On the initial couple of strokes one of the first things I noticed was the very natural feeling ergonomically indexed grip areas. I'll have to measure my grip width but just for reference my grip area is in my body's strongest push up position, a hand width wider than the points of my shoulders (I take a 42 jacket). My hands fell on the inner edge of the grip area with plenty of grip area outboard of my hands. Anyone that takes a size 46+ jacket will have space to spare.
There are no drip rings on the paddle. I'm right handed so with a 45 degree feather to the blades drippage would land on my foredeck near my feet. While it doesn't phase me typically paddling a P&H Cetus MV with sprayskirt other paddlers that are used to drip rings might want to add a set.
As I mentioned that the grip areas are ergonomically shaped, it allows for extremely good kinesthetic feedback for determining the blade angle without having to think about it. I look forward to this shaft shape in the hands of beginners who have a habit of twirling or losing orientation of the paddle blades on more rounded shafts. Like the indexing on Saltwood paddles this will likely eliminate that tendency for the blades to wander if someone is strangling the paddle.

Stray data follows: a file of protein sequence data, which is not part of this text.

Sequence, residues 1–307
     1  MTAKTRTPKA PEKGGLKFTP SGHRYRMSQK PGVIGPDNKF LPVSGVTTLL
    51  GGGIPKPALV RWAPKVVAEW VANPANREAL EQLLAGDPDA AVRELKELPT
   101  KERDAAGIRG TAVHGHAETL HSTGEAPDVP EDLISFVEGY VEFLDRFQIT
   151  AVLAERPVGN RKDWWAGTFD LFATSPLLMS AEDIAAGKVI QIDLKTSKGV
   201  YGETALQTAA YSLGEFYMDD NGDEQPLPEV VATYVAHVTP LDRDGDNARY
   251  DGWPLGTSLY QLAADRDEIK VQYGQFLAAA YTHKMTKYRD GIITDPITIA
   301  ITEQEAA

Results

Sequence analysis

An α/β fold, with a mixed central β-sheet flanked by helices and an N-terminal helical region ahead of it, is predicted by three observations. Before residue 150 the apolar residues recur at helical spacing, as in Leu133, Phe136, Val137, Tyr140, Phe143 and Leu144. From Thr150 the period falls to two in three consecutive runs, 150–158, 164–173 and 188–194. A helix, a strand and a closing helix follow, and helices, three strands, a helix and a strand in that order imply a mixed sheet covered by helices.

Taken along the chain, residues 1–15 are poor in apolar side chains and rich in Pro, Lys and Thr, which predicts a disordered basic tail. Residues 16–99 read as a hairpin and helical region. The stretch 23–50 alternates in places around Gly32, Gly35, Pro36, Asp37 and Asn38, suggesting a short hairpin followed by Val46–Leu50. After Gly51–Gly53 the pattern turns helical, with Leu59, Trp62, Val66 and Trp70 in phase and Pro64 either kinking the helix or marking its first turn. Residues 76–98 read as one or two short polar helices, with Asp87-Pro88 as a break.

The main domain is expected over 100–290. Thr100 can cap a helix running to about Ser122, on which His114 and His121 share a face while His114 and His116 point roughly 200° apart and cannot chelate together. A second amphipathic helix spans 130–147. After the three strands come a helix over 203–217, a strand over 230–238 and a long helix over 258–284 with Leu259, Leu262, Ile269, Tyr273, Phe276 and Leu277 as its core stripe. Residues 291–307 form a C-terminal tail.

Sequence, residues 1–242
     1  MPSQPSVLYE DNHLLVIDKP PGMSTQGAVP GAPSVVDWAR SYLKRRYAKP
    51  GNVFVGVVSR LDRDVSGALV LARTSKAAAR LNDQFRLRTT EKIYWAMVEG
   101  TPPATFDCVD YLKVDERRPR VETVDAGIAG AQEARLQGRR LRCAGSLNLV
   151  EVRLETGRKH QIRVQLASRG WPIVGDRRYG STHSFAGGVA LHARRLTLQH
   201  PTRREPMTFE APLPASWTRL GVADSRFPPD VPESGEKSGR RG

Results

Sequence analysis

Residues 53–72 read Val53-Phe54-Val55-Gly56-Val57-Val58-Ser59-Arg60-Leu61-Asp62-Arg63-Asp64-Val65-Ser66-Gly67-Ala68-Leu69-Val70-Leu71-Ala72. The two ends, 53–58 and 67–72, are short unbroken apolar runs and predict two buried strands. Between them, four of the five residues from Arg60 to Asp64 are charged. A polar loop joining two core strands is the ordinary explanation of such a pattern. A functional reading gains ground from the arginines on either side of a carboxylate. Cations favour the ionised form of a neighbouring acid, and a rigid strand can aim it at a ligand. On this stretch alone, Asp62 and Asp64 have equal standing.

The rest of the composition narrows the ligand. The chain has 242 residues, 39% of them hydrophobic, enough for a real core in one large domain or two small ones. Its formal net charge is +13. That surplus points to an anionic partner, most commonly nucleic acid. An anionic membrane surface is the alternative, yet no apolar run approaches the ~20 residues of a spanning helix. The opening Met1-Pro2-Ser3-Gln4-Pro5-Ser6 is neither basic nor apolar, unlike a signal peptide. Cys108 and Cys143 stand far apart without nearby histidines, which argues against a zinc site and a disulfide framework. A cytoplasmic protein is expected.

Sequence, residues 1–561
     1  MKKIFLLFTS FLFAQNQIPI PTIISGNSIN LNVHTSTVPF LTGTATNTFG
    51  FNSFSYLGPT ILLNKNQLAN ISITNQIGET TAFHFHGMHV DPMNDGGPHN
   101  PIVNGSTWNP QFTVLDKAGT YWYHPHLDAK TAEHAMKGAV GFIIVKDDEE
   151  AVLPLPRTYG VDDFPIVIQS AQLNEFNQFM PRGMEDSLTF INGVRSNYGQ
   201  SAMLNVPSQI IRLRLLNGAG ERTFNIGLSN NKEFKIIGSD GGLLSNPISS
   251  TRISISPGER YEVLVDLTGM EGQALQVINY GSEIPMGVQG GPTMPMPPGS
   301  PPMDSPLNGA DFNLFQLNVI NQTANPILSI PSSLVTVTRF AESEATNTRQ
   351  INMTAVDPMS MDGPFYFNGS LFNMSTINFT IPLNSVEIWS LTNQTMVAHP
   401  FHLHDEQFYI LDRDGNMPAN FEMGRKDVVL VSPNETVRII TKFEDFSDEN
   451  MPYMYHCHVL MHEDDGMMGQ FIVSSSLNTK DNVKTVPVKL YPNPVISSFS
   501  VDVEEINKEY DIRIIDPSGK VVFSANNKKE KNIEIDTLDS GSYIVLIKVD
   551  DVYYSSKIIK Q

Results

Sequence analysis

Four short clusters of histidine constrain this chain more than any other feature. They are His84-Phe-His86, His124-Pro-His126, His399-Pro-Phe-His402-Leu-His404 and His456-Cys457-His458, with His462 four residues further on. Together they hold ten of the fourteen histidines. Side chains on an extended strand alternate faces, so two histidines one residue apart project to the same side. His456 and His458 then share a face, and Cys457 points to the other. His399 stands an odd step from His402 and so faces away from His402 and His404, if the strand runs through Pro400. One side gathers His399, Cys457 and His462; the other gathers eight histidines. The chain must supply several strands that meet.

The Shaft/Blade combination has an unexpected springy feel much like a wood shaft like on a Mitchell Black Magic or Saltwood Hustle. This helps attribute to a phrase that kept coming up in my on-water notes on this paddle, Very Smooth.
Continuing with the Very Smooth theme, the blades exhibited no flutter in any high or mid height angle no matter how hard I would pull on the blade or rotate in a stroke. The bite of the blades, again Very Smooth. I felt that I had plenty of power to the blade but could paddle all day without fatigue.
On sculling for support, sculling draws and prying, solid pressure build up on the blade that provided a very supportive feel. The 215cm length felt a little long. I could probably use a 210cm as effectively but this might be a bit of an illusion due to the longer throat of the blade before it flares out into it's powerface.